Wednesday, May 19, 2010
Wednesday of the Week Between Ascension and Pentecost
St. Lawrence Catholic Center
19 May 2010
For daily readings, click here.
St. Paul's farewell from Ephesus includes some final words to the presbyters. St. Paul predicts that the Church will be persecuted on all sides by savage wolves, and that it will take everything the priests have to keep the Church united in the true faith. Not only that, but perhaps the greatest enemy will be the priests themselves who stray from the truth, who preach the Gospel as a career for their own benefit, and who are unwilling to lay down their lives so that the true faith may be taught with integrity and love. Pope Benedict said as much during his recent travel to Portugal, that the greatest enemies of the Church may seem to be from outside the Church, but in reality, the greatest enemy of the Church is always on the inside, from those who have been consecrated but who eventually fall away and take the faith of others with them. During this year for priests, we pray for the special closeness of every priest to the Lord Jesus, and in these days leading to Pentecost, we pray for an outpouring of the Holy Spirit, so that the charism of each priest can be strengthened and renewed, and he may be more generous in serving the unity of the flock.
Jesus in praying to the Father shows us clearly that it is not our mission to steal people out of the world, but to work for the redemption of the world by forming people who are truly able to live spiritual lives, being in the world but not of the world. It is the world redeemed by the love of Christ, and in a deeper relationship with God, that is the new Jerusalem for which we all hope. Let us not flee the world, but flee instead to Jesus Christ, who through the gift of the Spirit has given us all a share in His mission to redeem the world and to present it as a bride ready to receive her husband. Let us pray especially for the gifts of the Spirit that preserve and strengthen the unity of our Church! +m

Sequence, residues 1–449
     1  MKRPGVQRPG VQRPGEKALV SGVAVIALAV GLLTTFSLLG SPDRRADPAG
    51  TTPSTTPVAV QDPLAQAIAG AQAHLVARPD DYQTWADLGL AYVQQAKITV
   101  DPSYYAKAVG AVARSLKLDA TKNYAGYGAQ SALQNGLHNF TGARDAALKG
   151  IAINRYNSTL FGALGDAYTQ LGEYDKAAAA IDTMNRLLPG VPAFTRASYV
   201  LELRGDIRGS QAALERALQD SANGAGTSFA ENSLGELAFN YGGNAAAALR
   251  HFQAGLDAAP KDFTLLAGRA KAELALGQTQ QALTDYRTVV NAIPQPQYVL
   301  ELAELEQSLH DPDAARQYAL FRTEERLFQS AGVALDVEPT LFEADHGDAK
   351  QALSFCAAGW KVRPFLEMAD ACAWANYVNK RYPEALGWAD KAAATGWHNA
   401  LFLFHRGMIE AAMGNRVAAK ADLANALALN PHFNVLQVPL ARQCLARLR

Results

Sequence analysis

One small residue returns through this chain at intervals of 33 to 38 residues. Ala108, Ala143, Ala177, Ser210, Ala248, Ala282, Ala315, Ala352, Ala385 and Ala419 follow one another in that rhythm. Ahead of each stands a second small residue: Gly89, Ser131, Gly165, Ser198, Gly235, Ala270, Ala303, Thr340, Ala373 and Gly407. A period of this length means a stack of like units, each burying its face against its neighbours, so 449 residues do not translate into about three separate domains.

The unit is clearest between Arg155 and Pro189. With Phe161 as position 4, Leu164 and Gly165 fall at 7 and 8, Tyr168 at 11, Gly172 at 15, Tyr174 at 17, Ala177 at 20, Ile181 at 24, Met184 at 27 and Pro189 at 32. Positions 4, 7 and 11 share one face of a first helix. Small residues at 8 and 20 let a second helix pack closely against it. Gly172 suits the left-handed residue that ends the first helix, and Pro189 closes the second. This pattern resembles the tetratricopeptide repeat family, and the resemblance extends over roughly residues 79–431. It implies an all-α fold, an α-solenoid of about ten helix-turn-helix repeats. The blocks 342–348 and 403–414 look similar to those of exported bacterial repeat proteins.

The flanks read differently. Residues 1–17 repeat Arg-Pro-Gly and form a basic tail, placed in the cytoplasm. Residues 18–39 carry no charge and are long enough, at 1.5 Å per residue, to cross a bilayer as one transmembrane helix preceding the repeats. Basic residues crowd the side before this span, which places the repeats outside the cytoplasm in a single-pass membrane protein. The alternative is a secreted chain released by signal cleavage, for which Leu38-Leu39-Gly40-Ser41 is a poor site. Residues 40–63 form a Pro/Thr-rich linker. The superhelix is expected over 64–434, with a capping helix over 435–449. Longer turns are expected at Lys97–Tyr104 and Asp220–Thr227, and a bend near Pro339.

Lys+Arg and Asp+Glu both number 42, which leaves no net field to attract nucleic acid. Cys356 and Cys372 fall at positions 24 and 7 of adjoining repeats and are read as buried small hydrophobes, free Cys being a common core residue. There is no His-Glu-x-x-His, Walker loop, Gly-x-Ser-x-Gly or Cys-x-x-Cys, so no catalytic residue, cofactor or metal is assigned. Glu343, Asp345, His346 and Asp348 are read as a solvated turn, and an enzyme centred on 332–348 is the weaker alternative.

Sunday, May 16, 2010
16 May 2010
Graduation at the University of Kansas
Year for Priests
For daily readings. click here.
It is fortuitious this year that Graduation Sunday at KU falls on the Solemnity of the Ascension of our Lord. Graduation is a leaving to go somewhere new. So is the Ascension. Although Jesus' Ascension is not so much his going to a new place where He has never been, it is His going home. But what is new is the humanity, received sinless from the Virgin Mary, united to our sinful nature by his suffering on the cross, and completely redeemed and made new by His Resurrection, that He brings as a gift to His Father. Jesus is going home, but He is bringing something new with Him - that gift is us, His beloved bride the Church.
So too today, graduation Sunday at KU is, despite the inclement weather, a day of rejoicing. The graduates of the University are leaving here with something new. They are leaving with new knowledge that has broadened what they know to be good and true and beautiful. They are leaving with skills that will be valuable to the common good of all people. They are leaving with the virtues it took for them to achieve their respective degree. Most of all, they are leaving with new friendships. It is the encounter with new and different people that almost always leads to the greatest learning of all, and the University is a privileged place for this. All of these new things with which the graduates leave KU, have been learned over time and with great effort, sometimes the hard way. Few graduates can say that they have done everything right. But they are graduates nonetheless, and today is a day of rejoicing, both for what they have contributed to the university, a true place of discernment and learning, and for what they will take away.
But where will these graduates go? Will they go to where Jesus has led? That is the question that the mystery of the Ascension poses to us today. Jesus is leaving, but where is He going? Is he going for a ride on the clouds? Has he taken off for distant universes light years away from here? Surely the angel tells the disciples to stop looking at the sky, for He is ascending to a place where not even the Hubble telescope will be able to find Him. Where is Jesus going? And do this year's graduates have any chance of following where He has gone? What discipline will discover where Jesus has gone? Art? Philosophy? Engineering? Physics? Law? Religion? Where has Jesus gone, and will today's graduates of KU, in the exciting lifetime that lies in front of them, have the knowledge to follow Him and to find Him?
Today's graduates will almost certainly, unless our world self-destructs, live longer and go farther in time and space, and into the mysteries of the universe, than any generation has gone before. That is the hope and promise that the University will celebrate today - the progress of humanity toward that most elusive understanding and happiness that human persons most desperately seek. Yet we learn from our prayer and liturgy today, that this understanding and happiness that every graduate yearns for is more of a gift than an achievement. It is a gift won for us, and freely given to us, through our friendship and communion with Jesus Christ.